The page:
Dear Alice,

You have an excellent site ... I think that there is a lot of information that would be useful for high school students ... BUT (there had to be a "but") ... as webmaster for our district, I would get hung if I posted a site that had the type of lesbian and homosexual postings that you have. It would be nice if you could have a high school main page ... if the above mentioned links weren't displayed. I think it would help a lot of schools.

thanks, Jim

Dear Jim,

It's ironic that you used a metaphor of death to describe the consequences of including gay/lesbian/bisexual/questioning information on your district's site. Gay and lesbian teenagers commit suicide at two to three times the rate of their heterosexual classmates, according to the U.S. Department of Health and Human Services. A 1991 study at the University of Minnesota found that out of 150 lesbian and gay young people surveyed, 30 percent of them had tried to kill themselves at least once as teenagers. On the "lighter side," there's also the verbal and physical abuse of out gay high schoolers and those merely suspected of being queer.

For these reasons alone, Alice will continue to post gay-related Q&As from and for high school and college students, and from and for many others. Much of the world yells "YOU'RE SICK AND YOU SUCK" at les/bi/gay teens. By reading questions sent in by other Go Ask Alice! readers and seeing that their own feelings and questions are echoed, queer high schoolers can say, "if so many people share my joys, fears, and fantasies, then I must be much more 'normal' than I thought."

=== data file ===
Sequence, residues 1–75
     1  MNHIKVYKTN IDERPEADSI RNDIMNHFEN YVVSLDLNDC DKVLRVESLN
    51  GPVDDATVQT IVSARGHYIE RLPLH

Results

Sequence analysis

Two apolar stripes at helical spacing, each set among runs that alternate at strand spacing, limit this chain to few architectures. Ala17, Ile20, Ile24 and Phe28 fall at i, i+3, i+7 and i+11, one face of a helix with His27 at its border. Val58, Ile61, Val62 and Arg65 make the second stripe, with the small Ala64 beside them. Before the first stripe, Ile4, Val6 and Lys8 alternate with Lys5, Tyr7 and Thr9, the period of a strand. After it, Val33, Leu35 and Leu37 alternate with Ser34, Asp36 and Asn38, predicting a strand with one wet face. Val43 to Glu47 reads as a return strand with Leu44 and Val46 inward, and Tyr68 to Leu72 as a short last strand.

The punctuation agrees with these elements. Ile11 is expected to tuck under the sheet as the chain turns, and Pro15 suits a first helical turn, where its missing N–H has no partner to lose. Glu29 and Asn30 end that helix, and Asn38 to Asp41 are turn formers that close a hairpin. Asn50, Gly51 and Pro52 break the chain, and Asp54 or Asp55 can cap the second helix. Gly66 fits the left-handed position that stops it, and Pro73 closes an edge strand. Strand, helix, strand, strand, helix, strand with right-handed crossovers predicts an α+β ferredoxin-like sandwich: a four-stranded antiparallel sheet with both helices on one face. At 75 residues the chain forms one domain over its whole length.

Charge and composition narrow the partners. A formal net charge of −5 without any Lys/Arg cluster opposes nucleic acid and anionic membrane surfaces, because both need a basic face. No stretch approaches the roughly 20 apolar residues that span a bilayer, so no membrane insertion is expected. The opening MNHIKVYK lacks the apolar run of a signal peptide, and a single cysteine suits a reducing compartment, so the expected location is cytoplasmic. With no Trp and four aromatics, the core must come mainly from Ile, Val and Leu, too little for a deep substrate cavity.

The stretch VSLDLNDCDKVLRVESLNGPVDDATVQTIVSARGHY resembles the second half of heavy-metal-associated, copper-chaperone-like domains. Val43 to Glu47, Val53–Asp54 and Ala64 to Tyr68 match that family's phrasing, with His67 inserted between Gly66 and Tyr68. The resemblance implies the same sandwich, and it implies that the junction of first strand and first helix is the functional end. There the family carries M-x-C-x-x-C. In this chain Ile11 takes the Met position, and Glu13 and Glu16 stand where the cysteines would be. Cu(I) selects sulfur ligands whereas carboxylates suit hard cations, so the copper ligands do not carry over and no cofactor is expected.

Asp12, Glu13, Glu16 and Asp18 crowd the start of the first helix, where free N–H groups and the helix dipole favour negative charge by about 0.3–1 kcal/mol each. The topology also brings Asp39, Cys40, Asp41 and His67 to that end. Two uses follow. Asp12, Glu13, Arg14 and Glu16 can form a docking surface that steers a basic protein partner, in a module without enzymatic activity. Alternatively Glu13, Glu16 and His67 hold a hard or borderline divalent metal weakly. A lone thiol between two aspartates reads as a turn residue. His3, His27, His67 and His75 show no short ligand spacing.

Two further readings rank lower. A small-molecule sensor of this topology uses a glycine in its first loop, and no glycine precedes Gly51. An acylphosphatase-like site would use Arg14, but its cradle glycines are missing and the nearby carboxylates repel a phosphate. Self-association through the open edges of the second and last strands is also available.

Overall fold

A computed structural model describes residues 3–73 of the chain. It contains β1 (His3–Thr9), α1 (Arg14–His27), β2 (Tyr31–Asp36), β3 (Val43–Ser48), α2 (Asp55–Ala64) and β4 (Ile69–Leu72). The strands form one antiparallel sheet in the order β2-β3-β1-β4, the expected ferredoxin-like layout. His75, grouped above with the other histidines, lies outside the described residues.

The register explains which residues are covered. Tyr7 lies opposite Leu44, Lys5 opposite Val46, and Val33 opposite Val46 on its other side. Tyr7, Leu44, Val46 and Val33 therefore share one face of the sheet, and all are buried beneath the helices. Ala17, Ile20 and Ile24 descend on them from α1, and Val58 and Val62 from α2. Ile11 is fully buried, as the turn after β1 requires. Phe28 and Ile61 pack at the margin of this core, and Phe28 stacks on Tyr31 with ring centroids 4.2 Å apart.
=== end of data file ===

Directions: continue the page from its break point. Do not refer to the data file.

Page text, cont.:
Perhaps you anticipate the anti-inclusion argument to go something like: "We don't have a problem with homosexuals. We just don't want to promote their lifestyle." A "gay lifestyle" means going to school, seeing movies, working, and perhaps, being in love — this sounds an awful lot like the heterosexual lifestyle. The "type" of lesbian and gay questions in the Go Ask Alice! archives often resemble what's on the minds of heterosexuals.

In line with the anti-inclusion argument, wouldn't this mean that the Q&As from women who want to assert themselves in bed, from men with sexually transmitted infections, from people who are depressed, and from masturbators also should be excluded? After all, there are many among us who think dames should save their feelings for PTA meetings, only sluts get herpes, depression is nothing more than laziness, and masturbation is for sex-starved losers.

Alice loves the idea of a special high school home page (many schools already link to Go Ask Alice! as a health information resource). Erasing the gay/lesbian/bisexual/questioning stuff would shut out a huge number of readers — yours and Alice's. It would also say loud and clear both to queer and "non-queer" people: "Your lives and concerns are not as important or legitimate as those of your 'straight' peers.... There's no help for you here, and, frankly, we don't really care about your attendance, schoolwork, safety, or the increased likelihood that you'll hurt or kill yourself." This message would undoubtedly do much more harm than good, and it's certainly counter to an educator's code of ethics. A great big delete to that idea.

Jim, these thoughts are directed more at the "hangmen and -women" in your school district than they are at you. Would it be possible for you to use some of these points if and when it came time to defend reality, the whole reality, and nothing but reality?


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